Ravenna is a relatively small city in Northern Italy but it has a lot of history! I visited Ravenna back in 2014 when I was studying art history in Venice. Ravenna is home to important late Roman and Byzantine architecture and eight UNESCO World Heritage Sites. Ravenna is home to some of the most amazing mosaics in Europe and is definitely an under visited city! If you’re visiting the area and wondering what there is to do, here is little guide for you!
Start off exploring Ravenna’s central piazza, the heart of any Italian city. Grab a gelato and appreciate the classical Italian style of this city.
Next head over to Basilica of Sant’Apollinare Nuovo, dating from the early 6th century. This basilica is know for its impressive mosaics and how the exterior and interior illustrate the fusion between eastern and western styles of the 5th and 6th century. Be sure to look out for the mosaic depiction of the Three Magi. Don’t be fooled by the plain looking exterior, this real beauty is inside.
For some even more impressive mosaics head over to the Basilica of San Vitale, it’s one of the most important surviving examples of early Christian Byzantine art and architecture in Europe. Two of the most famous mosaic panels in this basilica are of the East Roman Emperor Justinian I and his wife Empress Theodora. In the late 18th century a Baroque fresco was painted in the dome which creates an odd clash of styles but the real treasure is the apse with its incredible mosaics.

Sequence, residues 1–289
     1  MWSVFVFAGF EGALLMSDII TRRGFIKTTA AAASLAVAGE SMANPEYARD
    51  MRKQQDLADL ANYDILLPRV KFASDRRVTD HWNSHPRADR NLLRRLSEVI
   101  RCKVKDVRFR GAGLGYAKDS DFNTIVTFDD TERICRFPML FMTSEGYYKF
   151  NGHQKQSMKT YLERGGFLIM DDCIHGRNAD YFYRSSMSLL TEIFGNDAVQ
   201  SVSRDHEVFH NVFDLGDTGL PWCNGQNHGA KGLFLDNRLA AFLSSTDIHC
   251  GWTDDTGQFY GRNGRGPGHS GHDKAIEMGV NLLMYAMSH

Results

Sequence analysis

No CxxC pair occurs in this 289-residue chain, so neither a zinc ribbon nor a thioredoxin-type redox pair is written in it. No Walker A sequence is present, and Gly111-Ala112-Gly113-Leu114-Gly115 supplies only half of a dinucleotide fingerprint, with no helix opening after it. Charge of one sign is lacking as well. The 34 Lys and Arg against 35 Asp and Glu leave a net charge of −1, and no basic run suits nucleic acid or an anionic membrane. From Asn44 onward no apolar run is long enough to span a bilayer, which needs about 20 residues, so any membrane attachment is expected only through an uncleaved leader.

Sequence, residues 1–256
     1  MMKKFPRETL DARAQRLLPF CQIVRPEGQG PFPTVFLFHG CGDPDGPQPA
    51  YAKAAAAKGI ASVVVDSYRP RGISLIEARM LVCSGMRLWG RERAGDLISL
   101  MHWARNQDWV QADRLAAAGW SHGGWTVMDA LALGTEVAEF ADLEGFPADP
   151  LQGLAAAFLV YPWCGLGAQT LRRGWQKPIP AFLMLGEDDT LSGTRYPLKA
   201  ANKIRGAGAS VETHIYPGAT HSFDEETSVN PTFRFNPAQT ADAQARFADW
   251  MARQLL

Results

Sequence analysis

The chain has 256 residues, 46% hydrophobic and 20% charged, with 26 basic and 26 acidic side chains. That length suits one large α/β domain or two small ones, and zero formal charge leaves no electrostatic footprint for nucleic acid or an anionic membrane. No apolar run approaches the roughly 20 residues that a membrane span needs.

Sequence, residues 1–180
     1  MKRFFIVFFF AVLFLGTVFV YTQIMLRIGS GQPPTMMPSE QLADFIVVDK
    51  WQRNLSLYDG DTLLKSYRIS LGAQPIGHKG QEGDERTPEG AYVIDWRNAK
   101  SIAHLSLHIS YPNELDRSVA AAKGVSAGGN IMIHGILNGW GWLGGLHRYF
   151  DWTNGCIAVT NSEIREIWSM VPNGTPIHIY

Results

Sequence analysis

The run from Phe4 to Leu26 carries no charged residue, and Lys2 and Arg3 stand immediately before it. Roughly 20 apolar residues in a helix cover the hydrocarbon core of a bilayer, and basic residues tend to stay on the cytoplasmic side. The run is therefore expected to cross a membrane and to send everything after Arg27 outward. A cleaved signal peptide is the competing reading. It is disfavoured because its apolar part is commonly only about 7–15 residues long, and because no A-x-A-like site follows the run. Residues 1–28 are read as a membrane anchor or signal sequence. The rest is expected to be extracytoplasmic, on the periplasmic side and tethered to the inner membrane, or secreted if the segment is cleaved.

Before leaving the Basilica of San Vitale you can’t miss the incredible Mausoleum of Galla Placid just beside. Built between 425 and 450, this little building is like a jewel box inside. When I visited Ravenna I was just in awe of this amazing building and the mosaics inside. After visiting the two basilicas I was so surprise by this mausoleum. My old photos just don’t do it justice.
Other sites to check out in Ravenna that I didn’t get to on my trip are the Archiepispocal Museum and St. Andrew Chapel and the Neonian Baptistery that both have beautiful mosaics.
If you’re a fan of mosaics and early Christian architecture (maybe a little niche, I know) you have to visit Ravenna! It’s easy to access by train as it’s not far from Bologna which is a transit hub in the region. Once you’re there everything can be reached on foot easily.